Growthpreneurs by Shanee Moret

ChatGPT for Business Owners and Creators (Part 1)

January 12, 2023 Shanee Moret Episode 117
Growthpreneurs by Shanee Moret
ChatGPT for Business Owners and Creators (Part 1)
Show Notes Transcript

In this live conversation, we talk about ChatGPT.  To register for the free LIVE ChatGPT webinar, click here because we are almost at capacity

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ChatGPT podcast

[00:00:00] So my name is Shanee Moret. We're gonna be talking about how you may be using chat g p t in whatever it is that you do or in your business today, and we're gonna learn from each other. Um, so raise your hand, come to the stage and we're gonna really answer two questions. So the first question's gonna be, have you started to, have you ever used chat, g p t, and the, and the second question is, how are you going to use chat g p t to accelerate the results at whatever it is that you do?

So, raise your hand if you wanna share your perspective. The way that you raise your hand is you click on the bottom right below, uh, somewhere and let's get to it here. So David, I'm gonna bring you up. So, hey David, what's up? . Hey Shane, how are you? Um, hey, [00:01:00] it's . Yeah, I've been u uh, Shana, sorry. I've been using, uh, chat, chat G B T probably now for about a month, a month and a half.

And, um, am pleasantly surprised because I have to do a lot of technical, uh, writing in the professional fields for accountants, CPAs, and attorneys, and a lot of, um, copy, uh, people just can't write on a technical level, and it's very frustrating to try to find the right people. So it's surprising. It's absolutely, it more than surprised me.

It blew me away how it actually was able to write a professional dialogue, um, for me that I went in, I did edit it. I didn't have to, but I did edit it because. , um, of concerns of, you know, Google showing it as a robot writing text. So we did do some edits to it, [00:02:00] but it's, it's, uh, fantastic. I mean, you do have to, there is a system to learn right now, um, uh, which is break it up into sections.

So if you wanna write, let's say about why you need an accountant, um, you know, you could, if you put that in, you'd probably come up with about 250 words. And then, so what you want to do is take a look at what CH G B t, uh, does G B T does, and, um, take that section and then break it out further and ask questions on it.

And you could come up with easily a 1500 word, uh, blog and you're talking about in 30 minutes or less. Um, there is a ho high, a lot of high volume, which means certain times of day it's not always accessible at. it, it, uh, doesn't let you in because there's so much going on. So you should try to get in late at night, early in the morning to best, uh, [00:03:00] work with it.

And I did hear now that there's a major update coming, which is gonna give it even, I mean, they're talking about six sixfold or even more, a massive amount of intelligence to even up the scale. Much more. So, yes, if you, so let me, let me elaborate. Let me elaborate on that point. Yeah. So, um, there was a post yesterday by Alex Hermo on his Instagram and it, and it showed, like, it shows this little dot, I'll put it in the comments in this event, but it shows like, uh, this little dot, which is G P T three, and then a huge circle, which is G P T four.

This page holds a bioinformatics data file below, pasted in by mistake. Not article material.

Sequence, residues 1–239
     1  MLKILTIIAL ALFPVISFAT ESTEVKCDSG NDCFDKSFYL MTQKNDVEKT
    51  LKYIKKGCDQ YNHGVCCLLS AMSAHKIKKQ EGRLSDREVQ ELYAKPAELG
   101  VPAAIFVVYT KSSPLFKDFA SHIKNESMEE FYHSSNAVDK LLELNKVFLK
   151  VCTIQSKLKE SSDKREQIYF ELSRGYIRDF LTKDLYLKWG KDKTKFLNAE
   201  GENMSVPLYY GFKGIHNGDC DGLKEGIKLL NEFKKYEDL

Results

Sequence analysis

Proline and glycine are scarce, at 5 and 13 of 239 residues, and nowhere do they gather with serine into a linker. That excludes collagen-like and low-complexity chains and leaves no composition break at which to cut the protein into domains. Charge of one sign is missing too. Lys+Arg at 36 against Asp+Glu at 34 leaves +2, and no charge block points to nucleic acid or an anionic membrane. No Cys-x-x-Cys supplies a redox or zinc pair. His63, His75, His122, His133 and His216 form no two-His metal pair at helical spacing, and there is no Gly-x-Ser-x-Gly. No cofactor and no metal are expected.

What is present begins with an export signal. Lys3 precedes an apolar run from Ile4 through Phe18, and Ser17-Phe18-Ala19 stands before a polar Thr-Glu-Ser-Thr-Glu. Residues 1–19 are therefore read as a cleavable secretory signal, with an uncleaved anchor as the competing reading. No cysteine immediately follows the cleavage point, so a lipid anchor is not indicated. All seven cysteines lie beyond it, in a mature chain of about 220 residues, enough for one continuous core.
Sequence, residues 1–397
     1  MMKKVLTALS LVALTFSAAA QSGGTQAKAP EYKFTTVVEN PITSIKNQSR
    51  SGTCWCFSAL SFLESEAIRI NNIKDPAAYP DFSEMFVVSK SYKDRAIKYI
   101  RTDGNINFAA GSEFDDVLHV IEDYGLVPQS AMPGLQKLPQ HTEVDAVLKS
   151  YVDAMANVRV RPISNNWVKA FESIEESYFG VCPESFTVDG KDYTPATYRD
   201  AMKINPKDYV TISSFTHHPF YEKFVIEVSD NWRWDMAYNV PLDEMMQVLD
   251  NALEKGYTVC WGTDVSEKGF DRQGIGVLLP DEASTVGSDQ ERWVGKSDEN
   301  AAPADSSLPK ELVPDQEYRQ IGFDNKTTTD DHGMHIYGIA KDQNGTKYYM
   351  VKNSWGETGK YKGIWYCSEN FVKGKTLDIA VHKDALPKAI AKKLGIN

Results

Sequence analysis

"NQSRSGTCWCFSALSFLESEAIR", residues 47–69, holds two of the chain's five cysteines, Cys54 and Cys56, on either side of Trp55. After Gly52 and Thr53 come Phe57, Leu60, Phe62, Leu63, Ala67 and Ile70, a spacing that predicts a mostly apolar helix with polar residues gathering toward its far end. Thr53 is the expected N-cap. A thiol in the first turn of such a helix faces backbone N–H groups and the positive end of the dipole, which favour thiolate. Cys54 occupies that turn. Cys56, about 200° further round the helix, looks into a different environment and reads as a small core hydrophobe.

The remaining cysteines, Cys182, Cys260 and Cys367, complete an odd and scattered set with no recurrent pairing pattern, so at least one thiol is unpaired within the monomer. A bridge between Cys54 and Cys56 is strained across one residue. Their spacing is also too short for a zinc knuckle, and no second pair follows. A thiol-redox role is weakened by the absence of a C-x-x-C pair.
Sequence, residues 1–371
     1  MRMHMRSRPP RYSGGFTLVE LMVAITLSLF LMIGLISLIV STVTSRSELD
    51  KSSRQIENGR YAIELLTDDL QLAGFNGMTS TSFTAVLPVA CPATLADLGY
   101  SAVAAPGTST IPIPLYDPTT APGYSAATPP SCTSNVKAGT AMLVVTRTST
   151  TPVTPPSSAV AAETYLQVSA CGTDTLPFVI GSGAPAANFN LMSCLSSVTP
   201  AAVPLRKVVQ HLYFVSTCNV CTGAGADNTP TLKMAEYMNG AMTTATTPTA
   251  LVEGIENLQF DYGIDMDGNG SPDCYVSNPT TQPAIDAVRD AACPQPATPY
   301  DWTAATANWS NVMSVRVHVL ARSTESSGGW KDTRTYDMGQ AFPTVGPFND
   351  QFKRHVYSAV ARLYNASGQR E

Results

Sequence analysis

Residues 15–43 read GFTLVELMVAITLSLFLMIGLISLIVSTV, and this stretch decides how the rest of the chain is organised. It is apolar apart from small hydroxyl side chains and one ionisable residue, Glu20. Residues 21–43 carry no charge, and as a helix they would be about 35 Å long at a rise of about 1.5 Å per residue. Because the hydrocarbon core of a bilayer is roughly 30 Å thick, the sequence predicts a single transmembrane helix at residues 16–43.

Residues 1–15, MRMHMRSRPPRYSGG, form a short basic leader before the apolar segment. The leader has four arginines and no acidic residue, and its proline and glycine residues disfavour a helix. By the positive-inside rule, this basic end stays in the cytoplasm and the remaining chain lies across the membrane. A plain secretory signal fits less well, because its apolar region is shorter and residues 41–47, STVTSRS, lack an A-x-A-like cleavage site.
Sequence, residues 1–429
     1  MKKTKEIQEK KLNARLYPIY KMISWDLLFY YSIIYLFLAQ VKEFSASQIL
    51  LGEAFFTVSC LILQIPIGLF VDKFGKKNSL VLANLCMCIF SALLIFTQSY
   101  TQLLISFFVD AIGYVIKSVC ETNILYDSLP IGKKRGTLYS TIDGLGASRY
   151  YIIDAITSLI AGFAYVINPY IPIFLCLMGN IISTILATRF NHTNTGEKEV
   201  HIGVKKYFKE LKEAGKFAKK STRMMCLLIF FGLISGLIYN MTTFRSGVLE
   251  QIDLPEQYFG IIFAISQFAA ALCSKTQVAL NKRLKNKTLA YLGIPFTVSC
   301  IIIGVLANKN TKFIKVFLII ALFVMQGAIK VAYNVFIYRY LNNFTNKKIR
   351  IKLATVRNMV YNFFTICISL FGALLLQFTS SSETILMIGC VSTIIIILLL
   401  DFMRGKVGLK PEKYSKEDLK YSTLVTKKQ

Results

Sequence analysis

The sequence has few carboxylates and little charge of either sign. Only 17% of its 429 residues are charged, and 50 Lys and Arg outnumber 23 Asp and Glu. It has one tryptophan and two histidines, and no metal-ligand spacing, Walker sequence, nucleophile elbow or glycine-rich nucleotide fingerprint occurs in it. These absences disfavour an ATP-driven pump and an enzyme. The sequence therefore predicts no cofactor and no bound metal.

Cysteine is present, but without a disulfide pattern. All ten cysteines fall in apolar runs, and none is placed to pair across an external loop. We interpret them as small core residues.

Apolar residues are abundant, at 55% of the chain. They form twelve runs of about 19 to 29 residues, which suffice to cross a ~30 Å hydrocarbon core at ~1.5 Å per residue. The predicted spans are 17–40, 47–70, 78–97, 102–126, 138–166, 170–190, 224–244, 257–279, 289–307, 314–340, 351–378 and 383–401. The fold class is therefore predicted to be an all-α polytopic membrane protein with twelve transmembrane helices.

And it says, This is a frightening visual for me. The the amount of data chat G P T three was trained on. The second is what chat G P T four is trained on. They're already doing demos. It can write a 60,000 word book from a single prompt. The only question I've had about AI [00:04:00] comes down to one thing, speed.

How fast will it learn? And from the looks of it, very fast. And if you really want reason for concern, its ability to learn itself is trainable, meaning it will learn faster and faster. Buckle up. Ps. My fear isn't around G P T four, but g p t 40. So that goes off of what you're saying right now. It can, it has like a certain limit, right?

Like you have to break things up and stuff like that. But apparently G P T four, like it says here, can write a 60,000 word book in a couple minutes based off of one question. . So, so I'll end with this if you haven't gone out and used it or tried it or experimented with it. I, I, I, I don't see how this is not gonna be the future, uh, of, uh, integrated into, um, what we do on the social media platforms or people that do blogging, people [00:05:00] that do research papers.

I, I, it's just almost inevitable that this will, you know, become the standard for what we do. Um, right or wrong, whether you agree or not, philosophically or not, so I, I would tell you just, you know, even if you don't want to use it, look at it. Mm-hmm. try it and, and then at least you know what's there and what's coming.

Yeah, for sure. So, for anyone in the audience who has not used chat, GBT three put. Uh, heart in the audience if you still have not used it, cuz I wanna see, all right, so there's many people that have not used it. So what you're gonna do is you're gonna, um, go to, I'll put the link in the event right now where you could go and then it's basically you start using it like Google, where you start asking questions, but you could ask it, you know, give me, uh, 25 video ideas for a [00:06:00] business coach, right?

And it will spit out those 25 ideas in three seconds or less. , right? You could ask it so many things. There are fitness trainers that are asking it to develop meal plans. Give me a 21 day meal plan, uh, you know, based it on chicken, fish and this, and give me the recipes for each of the meals, and it spits it out in one minute.